The bay is home to several islands, the largest of which is Grand Manan Island at the boundary with the Gulf of Maine. Other important islands include Campobello Island, Moose Island , and Deer Island in Passamaquoddy Bay and Isle Haut in the upper bay off Cape Chignecto . Smaller islands and islets also exist in Passamaquoddy Bay, Back Bay, Annapolis Basin, and Minas Basin.
The bay receives the waters of several rivers, including:
- Annapolis River
- Cornwallis River
- Shubenacadie River
- Salmon River
The bay's extreme tidal range causes several interesting phenomena in the various rivers which empty into it.
The Saint John River sees its flow reversed at high tide, causing a series of rapids at the famous Reversing Falls where the river empties into the bay, located in a gorge in the middle of the city of Saint John.
Rivers in the upper Bay of Fundy have a smaller flow-rate than the Saint John, and a shallower slope. As a result, extensive mud flats are deposited throughout the tidal range of the rivers.
Another phenomenon which occurs in these rivers of the upper bay is a "tidal bore", whereby the river flow is completely reversed by the rising tide. One of the better examples of a tidal bore can be seen on the Shubenacadie River near the town of Truro where local ecotourism operators offer the chance to experience rafting the bore upriver. Another good example of a tidal bore may be viewed on the Salmon River in the town of Truro. The once-famous tidal bores on the Petitcodiac and Avon rivers have been severely disrupted as a result of causeway construction in the 1960s-1970s which have caused excessive siltation.
The largest population centres on the bay are the New Brunswick cities of Saint John and Moncton.
The New Brunswick towns of St. Andrews, Blacks Harbour , and Sackville as well as the Nova Scotia towns of Amherst, Truro, Windsor, Wolfville, Kentville, Annapolis Royal, and Digby are also located on the bay.
The Bay of Fundy comprises a tremendously abundant marine ecosystem. Its cold waters contribute to large quantities of krill and other small animals which in turn attract whales such as the endangered North Atlantic Right Whale as well as Humpbacks, Minkes and other cetaceans.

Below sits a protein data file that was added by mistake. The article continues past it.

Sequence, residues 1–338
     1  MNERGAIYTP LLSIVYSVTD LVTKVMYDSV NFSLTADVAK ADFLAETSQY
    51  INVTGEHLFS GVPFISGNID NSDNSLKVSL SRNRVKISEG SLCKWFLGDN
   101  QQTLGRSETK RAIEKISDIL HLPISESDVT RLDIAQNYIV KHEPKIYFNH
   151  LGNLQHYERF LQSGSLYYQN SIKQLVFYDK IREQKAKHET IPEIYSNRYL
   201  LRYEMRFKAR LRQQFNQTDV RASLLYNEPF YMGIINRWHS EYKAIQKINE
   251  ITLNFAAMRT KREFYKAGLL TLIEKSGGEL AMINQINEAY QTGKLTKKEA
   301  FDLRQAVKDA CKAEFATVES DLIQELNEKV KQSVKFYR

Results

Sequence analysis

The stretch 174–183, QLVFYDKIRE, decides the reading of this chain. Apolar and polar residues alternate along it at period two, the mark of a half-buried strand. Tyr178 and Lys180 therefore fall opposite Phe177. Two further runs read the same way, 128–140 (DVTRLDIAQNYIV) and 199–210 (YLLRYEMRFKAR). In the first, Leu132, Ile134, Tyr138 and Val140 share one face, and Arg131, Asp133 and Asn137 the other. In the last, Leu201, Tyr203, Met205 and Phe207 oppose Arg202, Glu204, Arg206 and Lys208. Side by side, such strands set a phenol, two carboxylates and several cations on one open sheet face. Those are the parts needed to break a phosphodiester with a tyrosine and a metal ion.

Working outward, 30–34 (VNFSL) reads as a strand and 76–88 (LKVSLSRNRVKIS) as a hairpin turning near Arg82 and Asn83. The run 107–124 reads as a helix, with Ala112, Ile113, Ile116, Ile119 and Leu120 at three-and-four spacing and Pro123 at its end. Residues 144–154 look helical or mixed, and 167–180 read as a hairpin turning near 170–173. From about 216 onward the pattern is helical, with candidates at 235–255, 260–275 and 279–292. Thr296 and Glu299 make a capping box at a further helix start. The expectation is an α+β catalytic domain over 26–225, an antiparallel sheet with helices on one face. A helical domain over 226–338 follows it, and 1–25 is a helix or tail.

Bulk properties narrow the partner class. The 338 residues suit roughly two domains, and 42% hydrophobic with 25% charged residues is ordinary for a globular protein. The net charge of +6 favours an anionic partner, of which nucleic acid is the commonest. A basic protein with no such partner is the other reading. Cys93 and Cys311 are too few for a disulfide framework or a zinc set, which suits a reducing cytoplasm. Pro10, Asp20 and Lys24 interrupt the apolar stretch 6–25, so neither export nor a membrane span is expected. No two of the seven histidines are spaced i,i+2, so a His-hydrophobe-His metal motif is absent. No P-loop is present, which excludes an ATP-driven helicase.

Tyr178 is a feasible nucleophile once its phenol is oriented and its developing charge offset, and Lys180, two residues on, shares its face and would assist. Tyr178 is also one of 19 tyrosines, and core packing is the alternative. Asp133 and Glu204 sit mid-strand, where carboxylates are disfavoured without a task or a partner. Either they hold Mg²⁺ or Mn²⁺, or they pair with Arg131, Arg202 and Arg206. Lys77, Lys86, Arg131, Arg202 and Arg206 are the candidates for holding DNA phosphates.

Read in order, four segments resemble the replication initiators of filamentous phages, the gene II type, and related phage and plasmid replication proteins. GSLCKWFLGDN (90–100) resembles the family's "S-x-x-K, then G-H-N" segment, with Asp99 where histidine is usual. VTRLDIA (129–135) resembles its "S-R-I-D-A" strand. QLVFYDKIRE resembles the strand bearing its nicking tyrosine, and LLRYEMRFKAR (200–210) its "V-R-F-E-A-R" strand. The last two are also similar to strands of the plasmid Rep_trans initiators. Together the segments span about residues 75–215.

Migratory birds also use the bay as a stopping point, or as a breeding ground. In August of each year, the migration of millions of sand pipers on the mud flats of Shepody Bay delight thousands of naturalists. Peregrine Falcons and Bald Eagles also make their habitat in the high cliffs which surround the bay. Various sea birds such as the Atlantic Puffin, Common Tern, and others can be found.
The bay supports a successful commercial fishery for lobster, scallops, sea urchins, and herring. Commercial aquaculture operations raise Atlantic Salmon, largely in Passamaquoddy and Back bays.
Certain aspects of the Bay of Fundy ecosystem are still poorly understood, for example, the role of intertidal organisms such as Corophium volutator in the marine food chain. The Bay of Fundy Ecosystem Partnership (BOFEP) is a joint research group of several universities studying the Bay.
Ports and shipping
The port of Saint John is one of the busiest ports in North America, owing to its concentration of pulp and paper industry and the largest oil refinery in Canada. Hantsport, Nova Scotia on the Avon River is also home to a pulp and paper mill and is the shipment point for raw gypsum exports to the United States. The ports of Bayside, New Brunswick (near St. Andrews) and Eastport, Maine are important local ports.
A result of heavy shipping traffic has been the potential for increased collisions between ships and the North Atlantic Right Whale. In 2003 the Canadian Coast Guard adjusted shipping lanes crossing prime whale feeding areas at the entrance to the Bay of Fundy to lessen the risk of collision.
The bay is also traversed by several passenger and automobile ferry services:
Last updated: 05-13-2005 00:06:47
Last updated: 05-13-2005 07:56:04